As one might have imagined from the many hints and questions from the previous post, linked lists can be very useful when dealing with Stacks and Queues.
To define a linked list, let’s start with the basic element of a linked list, called a node. Here is my silly illustration of a node:
The left box represents the “value” of the node, and the right box represent where to look for the next node. That’s it!
You can put nodes in a list like this:
The leftmost node has a value, and it also tell us where to go for the next node, which is the node in the center. The center node has a value and tells us to look at the right node next. Nodes in a list are called a “linked list.”
Let’s see a node represented in Ruby!
In this “node class”, there are two variables: “item” and “next”.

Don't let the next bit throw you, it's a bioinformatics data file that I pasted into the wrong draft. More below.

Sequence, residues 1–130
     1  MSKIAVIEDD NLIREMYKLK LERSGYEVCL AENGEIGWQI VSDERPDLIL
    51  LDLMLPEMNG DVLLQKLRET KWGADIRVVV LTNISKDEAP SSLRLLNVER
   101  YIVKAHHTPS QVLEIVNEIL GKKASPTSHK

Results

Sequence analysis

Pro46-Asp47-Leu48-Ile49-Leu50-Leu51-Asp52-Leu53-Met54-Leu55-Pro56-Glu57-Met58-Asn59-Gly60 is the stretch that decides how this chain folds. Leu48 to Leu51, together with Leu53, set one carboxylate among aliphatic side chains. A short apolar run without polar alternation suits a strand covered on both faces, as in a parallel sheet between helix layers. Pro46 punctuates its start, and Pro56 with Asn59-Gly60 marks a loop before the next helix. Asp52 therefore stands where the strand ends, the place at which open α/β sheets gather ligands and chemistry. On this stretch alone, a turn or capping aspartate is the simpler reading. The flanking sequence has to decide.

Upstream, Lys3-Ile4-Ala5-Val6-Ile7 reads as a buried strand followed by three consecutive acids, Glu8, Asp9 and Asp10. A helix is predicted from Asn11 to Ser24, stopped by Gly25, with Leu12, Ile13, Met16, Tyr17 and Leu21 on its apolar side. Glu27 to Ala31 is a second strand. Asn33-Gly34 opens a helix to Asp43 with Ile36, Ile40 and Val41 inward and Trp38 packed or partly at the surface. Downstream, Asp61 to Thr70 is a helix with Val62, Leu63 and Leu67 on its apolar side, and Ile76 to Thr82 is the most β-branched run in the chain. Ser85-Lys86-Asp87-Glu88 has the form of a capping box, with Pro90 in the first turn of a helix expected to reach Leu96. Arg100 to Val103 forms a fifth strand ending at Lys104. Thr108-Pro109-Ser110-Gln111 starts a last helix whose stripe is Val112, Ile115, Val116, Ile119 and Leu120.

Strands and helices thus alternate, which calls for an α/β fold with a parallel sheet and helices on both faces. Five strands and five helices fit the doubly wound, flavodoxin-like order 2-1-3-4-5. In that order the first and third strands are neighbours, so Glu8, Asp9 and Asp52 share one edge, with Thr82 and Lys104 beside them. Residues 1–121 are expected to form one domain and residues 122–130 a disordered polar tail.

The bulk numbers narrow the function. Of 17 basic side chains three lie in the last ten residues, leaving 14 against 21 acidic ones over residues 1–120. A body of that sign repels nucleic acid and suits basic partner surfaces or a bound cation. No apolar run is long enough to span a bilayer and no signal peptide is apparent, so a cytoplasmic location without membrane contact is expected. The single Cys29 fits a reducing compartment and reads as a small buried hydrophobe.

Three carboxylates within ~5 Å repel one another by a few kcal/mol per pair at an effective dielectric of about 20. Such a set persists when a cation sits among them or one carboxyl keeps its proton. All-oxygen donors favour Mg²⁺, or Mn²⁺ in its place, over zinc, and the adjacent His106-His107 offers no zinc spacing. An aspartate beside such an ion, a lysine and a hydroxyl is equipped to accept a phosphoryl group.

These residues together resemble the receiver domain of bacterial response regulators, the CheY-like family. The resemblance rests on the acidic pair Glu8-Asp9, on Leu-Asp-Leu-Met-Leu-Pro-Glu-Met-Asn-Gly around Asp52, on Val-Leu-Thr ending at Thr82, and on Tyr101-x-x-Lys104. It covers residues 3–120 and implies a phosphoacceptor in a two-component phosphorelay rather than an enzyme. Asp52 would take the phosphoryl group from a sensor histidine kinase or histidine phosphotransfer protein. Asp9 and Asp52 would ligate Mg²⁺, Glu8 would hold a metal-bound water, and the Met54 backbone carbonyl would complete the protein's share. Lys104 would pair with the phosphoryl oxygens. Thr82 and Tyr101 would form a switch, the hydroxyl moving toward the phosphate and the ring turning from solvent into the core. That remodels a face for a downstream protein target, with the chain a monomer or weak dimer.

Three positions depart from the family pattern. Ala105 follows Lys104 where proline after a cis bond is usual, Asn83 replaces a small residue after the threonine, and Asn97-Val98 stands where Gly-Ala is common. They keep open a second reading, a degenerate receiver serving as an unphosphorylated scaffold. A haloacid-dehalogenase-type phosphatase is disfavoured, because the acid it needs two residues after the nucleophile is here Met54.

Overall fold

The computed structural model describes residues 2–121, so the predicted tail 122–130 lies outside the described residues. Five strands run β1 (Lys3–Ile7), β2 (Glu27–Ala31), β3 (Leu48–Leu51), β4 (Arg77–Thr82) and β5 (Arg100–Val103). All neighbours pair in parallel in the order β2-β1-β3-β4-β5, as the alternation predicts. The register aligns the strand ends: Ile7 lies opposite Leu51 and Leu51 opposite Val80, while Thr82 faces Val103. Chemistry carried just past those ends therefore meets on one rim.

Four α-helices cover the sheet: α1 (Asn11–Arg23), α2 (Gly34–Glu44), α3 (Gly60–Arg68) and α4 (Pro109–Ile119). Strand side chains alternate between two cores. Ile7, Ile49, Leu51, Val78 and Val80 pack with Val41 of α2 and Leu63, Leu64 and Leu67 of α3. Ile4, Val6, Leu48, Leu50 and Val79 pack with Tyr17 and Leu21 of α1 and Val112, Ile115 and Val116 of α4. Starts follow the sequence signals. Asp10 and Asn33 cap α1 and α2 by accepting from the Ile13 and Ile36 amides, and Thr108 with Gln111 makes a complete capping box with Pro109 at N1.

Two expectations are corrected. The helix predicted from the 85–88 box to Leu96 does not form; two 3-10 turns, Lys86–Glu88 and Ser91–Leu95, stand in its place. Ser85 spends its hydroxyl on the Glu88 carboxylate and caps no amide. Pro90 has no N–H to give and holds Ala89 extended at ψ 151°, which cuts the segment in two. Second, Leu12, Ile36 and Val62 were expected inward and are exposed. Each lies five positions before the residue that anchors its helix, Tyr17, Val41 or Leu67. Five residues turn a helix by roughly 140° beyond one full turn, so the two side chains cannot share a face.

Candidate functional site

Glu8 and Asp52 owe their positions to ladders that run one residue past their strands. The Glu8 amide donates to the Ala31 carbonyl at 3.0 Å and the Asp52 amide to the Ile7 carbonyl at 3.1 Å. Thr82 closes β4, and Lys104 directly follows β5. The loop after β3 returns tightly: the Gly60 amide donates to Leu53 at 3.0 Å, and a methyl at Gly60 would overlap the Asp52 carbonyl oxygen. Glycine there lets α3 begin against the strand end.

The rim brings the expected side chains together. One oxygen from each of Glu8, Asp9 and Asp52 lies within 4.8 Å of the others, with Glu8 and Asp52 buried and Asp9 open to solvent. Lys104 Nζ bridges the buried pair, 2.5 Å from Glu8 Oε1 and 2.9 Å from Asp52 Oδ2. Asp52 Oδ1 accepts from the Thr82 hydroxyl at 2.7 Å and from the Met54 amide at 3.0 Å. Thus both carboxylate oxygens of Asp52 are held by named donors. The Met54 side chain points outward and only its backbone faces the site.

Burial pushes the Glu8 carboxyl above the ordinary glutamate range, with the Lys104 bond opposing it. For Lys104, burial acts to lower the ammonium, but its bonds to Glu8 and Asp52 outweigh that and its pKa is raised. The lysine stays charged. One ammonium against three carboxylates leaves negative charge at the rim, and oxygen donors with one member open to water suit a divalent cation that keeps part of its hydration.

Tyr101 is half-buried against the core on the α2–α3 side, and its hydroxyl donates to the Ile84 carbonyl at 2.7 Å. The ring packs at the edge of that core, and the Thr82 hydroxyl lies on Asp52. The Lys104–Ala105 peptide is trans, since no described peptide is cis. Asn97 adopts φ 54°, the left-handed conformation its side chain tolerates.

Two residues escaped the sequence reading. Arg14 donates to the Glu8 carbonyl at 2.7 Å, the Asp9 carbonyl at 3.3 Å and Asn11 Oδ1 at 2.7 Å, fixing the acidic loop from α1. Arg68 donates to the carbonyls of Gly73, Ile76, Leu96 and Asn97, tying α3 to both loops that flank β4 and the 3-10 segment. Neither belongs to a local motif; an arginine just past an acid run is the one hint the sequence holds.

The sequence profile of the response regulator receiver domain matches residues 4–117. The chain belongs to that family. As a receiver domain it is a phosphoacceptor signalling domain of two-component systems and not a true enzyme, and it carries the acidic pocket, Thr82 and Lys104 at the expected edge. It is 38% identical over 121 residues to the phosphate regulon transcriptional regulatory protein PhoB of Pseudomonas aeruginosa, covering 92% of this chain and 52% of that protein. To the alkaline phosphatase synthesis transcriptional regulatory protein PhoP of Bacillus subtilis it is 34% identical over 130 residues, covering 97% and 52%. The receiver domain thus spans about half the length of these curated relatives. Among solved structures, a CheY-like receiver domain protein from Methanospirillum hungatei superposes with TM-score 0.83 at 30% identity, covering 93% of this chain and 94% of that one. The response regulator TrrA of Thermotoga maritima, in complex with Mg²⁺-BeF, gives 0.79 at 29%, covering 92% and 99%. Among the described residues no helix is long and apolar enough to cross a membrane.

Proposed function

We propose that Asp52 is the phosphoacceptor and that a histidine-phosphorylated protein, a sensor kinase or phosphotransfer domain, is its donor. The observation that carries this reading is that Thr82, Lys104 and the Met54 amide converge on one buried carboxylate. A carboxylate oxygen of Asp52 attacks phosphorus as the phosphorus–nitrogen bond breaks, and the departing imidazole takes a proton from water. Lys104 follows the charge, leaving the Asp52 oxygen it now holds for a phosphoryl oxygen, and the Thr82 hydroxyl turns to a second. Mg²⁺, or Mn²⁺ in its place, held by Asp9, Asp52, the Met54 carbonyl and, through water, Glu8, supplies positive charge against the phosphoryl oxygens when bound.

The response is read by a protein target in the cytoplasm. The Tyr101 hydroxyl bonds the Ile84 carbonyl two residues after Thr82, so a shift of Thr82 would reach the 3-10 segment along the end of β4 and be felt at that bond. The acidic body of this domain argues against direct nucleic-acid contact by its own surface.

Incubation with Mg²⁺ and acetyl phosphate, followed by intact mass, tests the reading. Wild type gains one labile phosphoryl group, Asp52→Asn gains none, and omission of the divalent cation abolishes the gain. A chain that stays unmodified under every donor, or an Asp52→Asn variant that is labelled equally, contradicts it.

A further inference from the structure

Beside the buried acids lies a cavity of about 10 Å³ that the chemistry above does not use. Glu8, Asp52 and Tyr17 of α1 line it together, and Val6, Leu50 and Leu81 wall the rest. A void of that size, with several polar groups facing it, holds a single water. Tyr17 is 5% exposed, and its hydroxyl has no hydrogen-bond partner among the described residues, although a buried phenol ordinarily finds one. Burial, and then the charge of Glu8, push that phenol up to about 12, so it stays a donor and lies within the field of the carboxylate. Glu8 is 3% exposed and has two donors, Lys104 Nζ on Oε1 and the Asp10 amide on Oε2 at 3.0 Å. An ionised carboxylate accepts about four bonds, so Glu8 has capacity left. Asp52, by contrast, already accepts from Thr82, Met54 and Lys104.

The “Item” can hold anything you want: Strings, Numbers, Integers, Arrays, Hashes, other Ruby classes, etc… the “list” goes on (pardon my intended pun). The “next” is like a pointer, in that it shows us where to look for the “next” node.
To see it in action, here is one implementation of a Stack using Linked Lists:
We need our node class, so the first line requires it. Before saying anything, see how much shorter the code is already! This has to do with not needing to remember the array size. If all you need to remember is where to go next, you don’t need to remember to resize your data structure once you hit size limits. The Linked Lists shrinks and grows on command, and “orphaned” nodes are cleaned up by the garbage collector. It seems to be more pleasant to read (and implement) the stack class using linked lists.
The stack is initialized by creating a single node. As we add items to the stack, we tell our new node to point to our previous node. Unlike the array implementation where we had to keep track of all elements in the stack, all we ever have to know at any point in time is our latest node when we use the linked list implementation. When we remove items, we follow our latest node to the previous node, and tell the previous node to become the “current” node.
In Part II, let’s see how to implement Queues with Linked Lists!